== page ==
2021 Tax Year Changes

Another year of dealing with COVID-19 has led to tax law changes for the 2021 season. Here are some of the most significant changes for individual taxpayers and how to prepare, according to Hilltop’s Tax Pros.

Higher Deductions for Medical Expenses

Unreimbursed medical expenses that exceed a certain percentage of your income are tax-deductible.

The percentage, known as the “floor,” has been between 7.5 percent and 10 percent of one’s adjusted gross income for the past several years. For the 2021 tax season, it’s back down to 7.5 percent.

If your AGI is $100,000, you can deduct unreimbursed medical expenses that exceed $7,500. However, to qualify, you need to itemize your deductions.

Higher Standard Deductions

You can either take the standard deduction to reduce your tax bill or itemize when you pay taxes.

For the 2021 tax season, the standard deduction is bumped up to:

  • $12,550 for single filers and married couples filing separately (up $150 from 2020).
  • $18,800 for heads of households (up $150 from 2020).
  • $25,100 for married couples filing jointly (up $300 from 2020).

If you’re age 65 or older, you can add an extra $1,350 per person if married and filing jointly or an extra $1,700 for household heads and single filers.

However, if you take the standard deduction, you miss out on certain individual deductions, such as the unreimbursed medical expenses.

Updated Income Brackets

Tax rates remain unchanged for 2021, but the brackets themselves expanded to account for inflation.

The 2021 tax brackets are:

  • 37 percent for incomes over $523,600 ($628,300 for married couples filing jointly).
  • 35 percent for incomes over $209,425 ($418,850 for married couples filing jointly).
  • 32 percent for incomes over $164,925 ($329,850 for married couples filing jointly).
  • 24 percent for incomes over $86,375 ($172,750 for married couples filing jointly).
  • 22 percent for incomes over $40,525 ($81,050 for married couples filing jointly).
  • 12 percent for incomes over $9,950 ($19,900 for married couples filing jointly).
  • 10 percent for incomes of $9,950 or less ($19,900 for married couples filing jointly).

RMDs Are Back

Once you reach age 72, the IRS says you must start withdrawing money annually from tax-advantaged retirement accounts, including traditional IRAs and 401(k)s. And your required minimum distributions, or RMDs, count as fully taxable income (the withdrawals help ensure that people don’t use retirement accounts to avoid taxes).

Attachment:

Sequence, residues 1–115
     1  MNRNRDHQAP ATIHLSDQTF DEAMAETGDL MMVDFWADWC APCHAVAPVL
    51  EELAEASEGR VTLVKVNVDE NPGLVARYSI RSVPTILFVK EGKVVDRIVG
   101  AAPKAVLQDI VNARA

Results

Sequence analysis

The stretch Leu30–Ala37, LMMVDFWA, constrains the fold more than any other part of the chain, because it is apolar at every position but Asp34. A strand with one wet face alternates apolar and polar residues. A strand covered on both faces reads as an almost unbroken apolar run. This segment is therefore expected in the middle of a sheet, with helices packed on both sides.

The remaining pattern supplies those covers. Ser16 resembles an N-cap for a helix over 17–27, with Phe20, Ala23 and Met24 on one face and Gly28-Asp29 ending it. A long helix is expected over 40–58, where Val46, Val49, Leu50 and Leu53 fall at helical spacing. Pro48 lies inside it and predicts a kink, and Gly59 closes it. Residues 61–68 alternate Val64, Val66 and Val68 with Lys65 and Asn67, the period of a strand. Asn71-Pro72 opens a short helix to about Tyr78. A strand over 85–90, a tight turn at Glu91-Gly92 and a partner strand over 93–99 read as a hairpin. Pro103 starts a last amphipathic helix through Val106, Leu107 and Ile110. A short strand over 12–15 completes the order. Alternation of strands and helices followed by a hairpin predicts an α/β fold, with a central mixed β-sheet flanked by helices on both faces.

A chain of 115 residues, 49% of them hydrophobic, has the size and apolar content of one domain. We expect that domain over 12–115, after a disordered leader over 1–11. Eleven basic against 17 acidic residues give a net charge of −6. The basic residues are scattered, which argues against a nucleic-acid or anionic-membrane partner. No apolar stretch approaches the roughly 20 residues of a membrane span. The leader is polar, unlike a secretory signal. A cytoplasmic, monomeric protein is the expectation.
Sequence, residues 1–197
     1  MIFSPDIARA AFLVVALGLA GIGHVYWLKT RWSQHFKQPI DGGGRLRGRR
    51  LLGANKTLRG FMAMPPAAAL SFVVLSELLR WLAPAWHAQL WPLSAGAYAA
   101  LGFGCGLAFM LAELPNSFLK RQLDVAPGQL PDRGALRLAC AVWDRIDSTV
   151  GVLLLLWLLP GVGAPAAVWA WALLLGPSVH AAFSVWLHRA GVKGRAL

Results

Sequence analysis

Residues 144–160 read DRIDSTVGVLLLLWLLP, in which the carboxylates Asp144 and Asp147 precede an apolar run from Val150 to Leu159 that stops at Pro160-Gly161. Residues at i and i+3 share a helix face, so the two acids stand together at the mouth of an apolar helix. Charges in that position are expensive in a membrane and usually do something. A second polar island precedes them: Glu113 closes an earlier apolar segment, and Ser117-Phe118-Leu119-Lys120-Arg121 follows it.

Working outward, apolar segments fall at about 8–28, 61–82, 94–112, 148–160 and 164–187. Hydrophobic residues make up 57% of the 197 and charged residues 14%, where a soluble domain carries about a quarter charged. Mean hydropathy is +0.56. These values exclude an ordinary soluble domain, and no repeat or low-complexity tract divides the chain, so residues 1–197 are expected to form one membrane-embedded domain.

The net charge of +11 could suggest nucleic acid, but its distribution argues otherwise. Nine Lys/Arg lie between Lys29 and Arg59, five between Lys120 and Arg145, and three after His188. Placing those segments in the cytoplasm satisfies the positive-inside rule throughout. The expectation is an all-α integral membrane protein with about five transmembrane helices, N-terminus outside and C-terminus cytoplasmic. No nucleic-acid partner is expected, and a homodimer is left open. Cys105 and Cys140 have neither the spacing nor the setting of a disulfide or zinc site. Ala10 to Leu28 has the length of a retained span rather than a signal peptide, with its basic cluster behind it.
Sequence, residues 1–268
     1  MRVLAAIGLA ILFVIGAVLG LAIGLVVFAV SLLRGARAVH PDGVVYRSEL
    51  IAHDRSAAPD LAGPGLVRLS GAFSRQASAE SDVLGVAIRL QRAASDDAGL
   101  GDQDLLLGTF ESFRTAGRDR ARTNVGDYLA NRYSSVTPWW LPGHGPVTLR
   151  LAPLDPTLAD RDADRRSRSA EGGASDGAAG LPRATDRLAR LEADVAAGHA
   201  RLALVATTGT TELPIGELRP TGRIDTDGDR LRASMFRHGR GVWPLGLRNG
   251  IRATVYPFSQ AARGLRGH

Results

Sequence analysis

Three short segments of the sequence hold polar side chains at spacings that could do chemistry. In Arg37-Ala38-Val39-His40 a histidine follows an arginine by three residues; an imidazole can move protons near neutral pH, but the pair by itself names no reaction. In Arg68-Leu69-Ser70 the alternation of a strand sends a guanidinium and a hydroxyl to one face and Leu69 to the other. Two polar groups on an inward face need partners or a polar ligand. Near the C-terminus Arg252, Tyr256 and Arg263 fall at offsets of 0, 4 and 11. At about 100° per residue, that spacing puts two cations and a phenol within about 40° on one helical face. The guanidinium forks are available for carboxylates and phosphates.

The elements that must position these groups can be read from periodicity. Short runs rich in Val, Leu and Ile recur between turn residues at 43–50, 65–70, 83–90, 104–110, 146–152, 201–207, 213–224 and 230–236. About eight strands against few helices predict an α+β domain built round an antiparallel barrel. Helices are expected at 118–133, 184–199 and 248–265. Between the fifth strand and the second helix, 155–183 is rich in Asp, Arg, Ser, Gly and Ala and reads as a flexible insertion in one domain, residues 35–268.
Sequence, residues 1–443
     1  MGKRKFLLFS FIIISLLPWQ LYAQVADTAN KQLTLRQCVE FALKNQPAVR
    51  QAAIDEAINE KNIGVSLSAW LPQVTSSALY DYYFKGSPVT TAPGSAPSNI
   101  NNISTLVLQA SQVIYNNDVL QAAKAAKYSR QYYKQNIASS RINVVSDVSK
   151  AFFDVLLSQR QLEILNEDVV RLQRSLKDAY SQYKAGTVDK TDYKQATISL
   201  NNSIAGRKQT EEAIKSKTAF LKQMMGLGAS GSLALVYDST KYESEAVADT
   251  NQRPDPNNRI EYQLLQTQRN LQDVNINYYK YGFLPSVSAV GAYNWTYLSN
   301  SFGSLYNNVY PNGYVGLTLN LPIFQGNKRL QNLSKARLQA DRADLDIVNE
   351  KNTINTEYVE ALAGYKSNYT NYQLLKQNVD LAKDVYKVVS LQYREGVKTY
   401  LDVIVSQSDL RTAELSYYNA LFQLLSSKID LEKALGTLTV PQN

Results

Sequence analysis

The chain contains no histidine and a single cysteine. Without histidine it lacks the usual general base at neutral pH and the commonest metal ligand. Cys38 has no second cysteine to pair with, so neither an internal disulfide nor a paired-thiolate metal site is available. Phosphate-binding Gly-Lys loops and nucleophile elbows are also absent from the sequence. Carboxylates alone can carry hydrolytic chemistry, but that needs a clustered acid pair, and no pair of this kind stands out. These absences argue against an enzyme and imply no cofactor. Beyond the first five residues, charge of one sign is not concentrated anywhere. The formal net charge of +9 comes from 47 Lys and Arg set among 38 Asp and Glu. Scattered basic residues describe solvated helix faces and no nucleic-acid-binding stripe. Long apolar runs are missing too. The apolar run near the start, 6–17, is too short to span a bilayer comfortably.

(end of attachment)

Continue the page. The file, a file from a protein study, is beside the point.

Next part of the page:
The Coronavirus Aid, Relief, and Economic Security (CARES) Act paused these forced withdrawals for 2020, but RMDs are back for 2021. Seniors who will be at least 72 years old by the end of 2021 must take their RMDs from their tax-advantaged retirement accounts by December 31, 2021.

And if you fail to withdraw an adequate amount by then, there’s a 50 percent excise tax on the money you were supposed to take.

Get A $300 Charitable Deduction, Even If You Don't Itemize

The government continues to encourage Americans to lend a hand to those in need.

You could only deduct charitable giving if you itemized your deductions in years past. In 2020, the rules changed to allow a $300 charitable contribution deduction per tax return on top of the standard deduction.

For the 2021 tax year, that benefit has expanded even further. Instead of a $300 deduction per return, it’s $300 per person. So, if you file jointly with the standard deduction, you can deduct up to $600 for charitable contributions.

That said, there are benefits to itemizing charitable contributions.

Before 2020, you could deduct charitable contributions up to 60 percent of your adjusted gross income. 

The CARES Act raised this limit, allowing you to deduct up to 100 percent of your AGI, and this temporary change was extended through 2021.

Also, keep in mind that the IRS closed the 2020 filing season with more than 35 million unprocessed tax returns — a fourfold increase from 2019, according to the National Taxpayer Advocate. Unfortunately, we can’t be sure if this upcoming season will be just as bad. 

To get a head start on your taxes, you’re encouraged to request a 2021 Tax Year Organizer by emailing MeganWashington@HilltopTax.com or visit hilltopwealthsolutions.com/tax-checklist.


The material shown is for informational purposes only and should not be construed as accounting, legal, or tax advice. Hilltop Wealth Solutions is a registered investment adviser with the Securities and Exchange Commission; registration does not imply a certain level of skill or training. While efforts are made to ensure information contained herein is accurate, Hilltop Wealth Solutions cannot guarantee the accuracy of all such information presented.